Katie Jacoby runs through all the language you need to correr or trotar with the best of them…
Running has become immensely popular in Bogota in recent years, providing runners with more and more local opportunities to both practise their sport and compete. If you’ve brought your running addiction with you from home, or even if you’re inspired to get into running here, you’ll certainly find lots of enthusiasts around town. Here’s some key vocabulary to see you through your running passion.
Running or jogging can be correr or trotar, both words being pretty interchangeable. They say hacer footing in Spain, but that strange phrase is not used here in Colombia. The sport of running in general is called atletismo (also the word for track and field) or el trote. If you’re a runner, you’re either a corredor/a or an atleta.
Most runners love to compete, a race being una carrera (a 5k or 10k is una carrera 5k/10k). A marathon is una maratón here, though it’s un maratón in some countries. All-round athletes may go in for the triatlón. Long-distance or cross-country endurance running is called carrera de fondo, while short sprints or dashes are called los sprints or known locally as piques.
The race starts with a ¡en sus marcas, listos, fuera!, called dar la largada in Spanish. A common way of saying to start (running or anything) is arrancar, and this is followed by setting a pace, your ritmo or paso. Want to go faster? Your verb is acelerar (la velocidad). Need to slow down? Your verb is bajar la velocidad. If going faster means passing another runner, the verb is pasar, sobrepasar, or adelantar. The finish line is la meta, and crossing it is cruzar la meta or pasar la meta. You did it!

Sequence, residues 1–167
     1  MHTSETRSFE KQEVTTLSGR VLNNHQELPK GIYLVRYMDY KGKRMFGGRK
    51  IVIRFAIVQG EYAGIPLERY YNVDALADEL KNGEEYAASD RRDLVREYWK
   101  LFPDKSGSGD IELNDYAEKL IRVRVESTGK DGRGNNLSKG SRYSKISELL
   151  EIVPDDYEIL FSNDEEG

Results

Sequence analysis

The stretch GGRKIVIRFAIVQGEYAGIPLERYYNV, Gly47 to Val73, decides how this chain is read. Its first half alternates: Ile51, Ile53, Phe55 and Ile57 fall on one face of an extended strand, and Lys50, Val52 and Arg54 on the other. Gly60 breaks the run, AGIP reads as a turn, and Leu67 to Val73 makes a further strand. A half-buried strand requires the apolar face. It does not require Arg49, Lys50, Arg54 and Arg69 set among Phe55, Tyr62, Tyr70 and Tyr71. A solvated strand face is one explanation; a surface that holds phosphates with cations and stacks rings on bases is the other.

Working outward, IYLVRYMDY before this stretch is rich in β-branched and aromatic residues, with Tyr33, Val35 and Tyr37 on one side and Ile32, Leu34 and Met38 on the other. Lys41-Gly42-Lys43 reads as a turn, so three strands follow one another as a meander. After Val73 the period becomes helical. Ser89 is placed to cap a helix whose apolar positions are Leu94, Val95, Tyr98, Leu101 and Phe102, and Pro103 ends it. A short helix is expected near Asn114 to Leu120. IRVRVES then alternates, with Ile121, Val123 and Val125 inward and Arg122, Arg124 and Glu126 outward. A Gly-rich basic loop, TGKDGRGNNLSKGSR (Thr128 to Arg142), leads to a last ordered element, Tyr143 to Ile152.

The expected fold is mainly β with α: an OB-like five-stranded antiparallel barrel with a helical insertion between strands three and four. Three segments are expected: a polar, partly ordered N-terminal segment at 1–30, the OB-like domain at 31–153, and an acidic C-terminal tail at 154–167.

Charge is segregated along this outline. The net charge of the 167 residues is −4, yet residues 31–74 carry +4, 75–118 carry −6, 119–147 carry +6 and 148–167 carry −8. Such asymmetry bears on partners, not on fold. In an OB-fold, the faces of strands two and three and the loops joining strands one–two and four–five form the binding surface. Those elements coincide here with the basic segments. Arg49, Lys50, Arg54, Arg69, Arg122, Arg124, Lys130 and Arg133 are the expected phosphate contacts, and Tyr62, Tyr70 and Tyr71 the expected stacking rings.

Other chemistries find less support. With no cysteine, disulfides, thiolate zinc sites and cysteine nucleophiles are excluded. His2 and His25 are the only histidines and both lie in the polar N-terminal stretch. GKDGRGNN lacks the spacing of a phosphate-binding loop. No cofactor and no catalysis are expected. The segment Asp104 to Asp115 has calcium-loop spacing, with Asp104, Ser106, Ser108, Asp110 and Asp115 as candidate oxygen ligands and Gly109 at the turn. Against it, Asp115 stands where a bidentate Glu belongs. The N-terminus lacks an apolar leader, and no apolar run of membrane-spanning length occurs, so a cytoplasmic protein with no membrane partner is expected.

Yo aceleré y pasé a Carolina. “I sped up and passed Carolina.”
Beyond official medals and race rankings, every runner will know and keep track of their own PBs and best times, or récord personal. Your times are your tiempos. There isn’t any set phrase for a runner’s high in Spanish, but words like euforia get the idea across.
When someone runs very fast, you can say here in Colombia that they have pique de choro, pique de raponero, or simply pique de ladrón. Choro, raponero, and ladrón are all ways of saying thief (the first two are very local). Piques are races and are the local word used for illegal drag races at night. So, if you say that someone has pique de choro, you’re saying that they run really fast… as if they indeed were a professional thief.
Los últimos 300 metros los corrí con pique de raponero. “I ran the last 300 metres at top speed.”
En la carrera Juan tuvo un pique de choro con el que me dejó botado al final. “Juan had an incredible burst of speed that left me for dust at the end of the race.”
You can run on all different kinds of terrenos, or surfaces. Some have pendientes, or inclines, which will then mean subidas and bajadas, or uphill and downhill sections. A running track is una pista, and laps around a track are vueltas. Or maybe you prefer to practise on una caminadora – a treadmill.
Training is entrenar, and estirar (stretching), calentar (warming up), and enfriar (cooling down) are important parts of the process. Many recommend that beginners intercalar (alternate) walking with running.
Make sure to always drink plenty of water so you don’t get deshidratado. You’ll also want to watch out for calambres (cramps), ampollas (blisters), or irritación (chafing). One very Colombian expression for a common problem is “bazo” – literally meaning spleen, this word describes when you feel a sharp side cramp or stitch. You can say, me dio bazo or tengo bazo. Injuries are lesiones, with an esguince (sprained ankle) being one of the most common. Another common serious injury in sports is tearing your ACL, and in Spanish you’d say me desgarré el ligamento cruzado anterior.
I saw a lot of signs for the PET RUN the other week, and though I rolled my eyes at the English, I understood why sponsors would condense the mouthful that is carrera de mascotas to the succinct six-letter PET RUN. So, whether you run solo, with a partner, or with Firulais, I’ll see you on the trail!
Katie Jacoby is a Spanish-English translator and has been in Colombia for 3 years. Feel free to leave her a comment or ideas for future columns on her language website, vocabat.com.